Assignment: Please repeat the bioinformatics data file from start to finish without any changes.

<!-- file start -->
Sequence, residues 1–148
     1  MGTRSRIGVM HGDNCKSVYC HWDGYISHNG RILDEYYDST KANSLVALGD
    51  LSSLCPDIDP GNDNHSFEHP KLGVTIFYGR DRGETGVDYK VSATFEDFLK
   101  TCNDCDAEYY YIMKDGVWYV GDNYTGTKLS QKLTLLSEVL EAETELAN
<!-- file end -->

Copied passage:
Sequence, residues 1–148
     1  MGTRSRIGVM HGDNCKSVYC HWDGYISHNG RILDEYYDST KANSLVALGD
    51  LSSLCPDIDP GNDNHSFEHP KLGVTIFYGR DRGETGVDYK VSATFEDFLK
   101  TCNDCDAEYY YIMKDGVWYV GDNYTGTKLS QKLTLLSEVL EAETELAN